Mysterious Tibetan Folk Art
Travelers who have been to Tibet will never miss Manidui. It may not be an attraction, but it is everywhere. Along the creeks in the mountains, the small roads in the Gobi, on the shoals by the lake, on the walls of temples, you may even find many Buddhist stones in the most inconspicuous place.
Strictly speaking, there are two types of Maniduis. The first is called "duoben", which refers to piles of mani stones. The second type is called "Miandang", which refers to the walls made of Mani stones. Tibetan stone usually refers to the stone engraved with text or painted with painted images. The more famous Manidui basically belongs to these two categories.
They are gorgeous in appearance, attracting devout believers to come to pray. But Tibetans believe that sincerity is good, and a gorgeous place for prayer is only an option, not a necessity. They are still using the most primitive and simple way of praying. Therefore, the Mani rock also has the simplest and most common type—dozens of Tibetan stones are stacked in a pyramid shape, which can be called a Manidui.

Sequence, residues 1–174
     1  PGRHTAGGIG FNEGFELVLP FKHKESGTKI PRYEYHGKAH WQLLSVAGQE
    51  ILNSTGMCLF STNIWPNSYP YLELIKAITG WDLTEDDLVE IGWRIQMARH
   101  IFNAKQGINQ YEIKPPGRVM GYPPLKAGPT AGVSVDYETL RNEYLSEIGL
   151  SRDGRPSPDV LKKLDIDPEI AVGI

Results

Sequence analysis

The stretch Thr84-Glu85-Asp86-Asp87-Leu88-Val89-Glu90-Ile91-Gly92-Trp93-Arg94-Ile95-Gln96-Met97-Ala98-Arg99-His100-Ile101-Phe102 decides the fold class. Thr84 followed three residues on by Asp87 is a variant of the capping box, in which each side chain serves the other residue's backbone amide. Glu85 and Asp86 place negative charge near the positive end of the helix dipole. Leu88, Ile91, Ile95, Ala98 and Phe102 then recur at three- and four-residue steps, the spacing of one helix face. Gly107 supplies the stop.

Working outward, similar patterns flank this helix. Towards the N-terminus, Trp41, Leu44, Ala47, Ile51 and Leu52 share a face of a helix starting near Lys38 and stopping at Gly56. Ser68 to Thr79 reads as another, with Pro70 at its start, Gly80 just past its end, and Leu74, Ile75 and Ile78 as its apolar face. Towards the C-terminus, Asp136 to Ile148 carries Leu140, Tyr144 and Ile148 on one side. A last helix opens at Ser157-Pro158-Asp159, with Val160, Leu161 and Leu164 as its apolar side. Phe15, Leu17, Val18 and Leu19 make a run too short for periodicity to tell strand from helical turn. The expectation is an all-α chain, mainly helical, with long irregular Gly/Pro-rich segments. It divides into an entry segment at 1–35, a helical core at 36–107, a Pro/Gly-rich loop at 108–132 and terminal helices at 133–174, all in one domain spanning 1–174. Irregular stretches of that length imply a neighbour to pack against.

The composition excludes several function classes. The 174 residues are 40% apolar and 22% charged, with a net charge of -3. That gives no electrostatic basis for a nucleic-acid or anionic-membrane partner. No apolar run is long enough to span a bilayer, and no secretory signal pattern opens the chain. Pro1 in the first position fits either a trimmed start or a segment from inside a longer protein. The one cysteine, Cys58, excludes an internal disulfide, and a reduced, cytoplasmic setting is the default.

Just like the most common prayer wheels and prayer flags in Tibetan areas, the Manidui is also used to pray for blessings. On auspicious days, devotees add stones to the mani pile while simmering mulberry (burning pine and cypress branches). First, touch the stone with your forehead, then recite scripture, and finally put it on the Manidui. This is the most common way of praying with the Manidui. Many big mani piles are built up in this way. And if the time and place are not so convenient,
Tibetans who go out will also choose a place to build a small mani pile, and their prayers will not fade because of this. Tibetans passing by later often add a stone to the small mani pile. Some people also build new small mani piles next to them; when no stones are found, people also add hair, wool, and even animal heads. Maybe when you find out, the original small Manidui is already small in scale.
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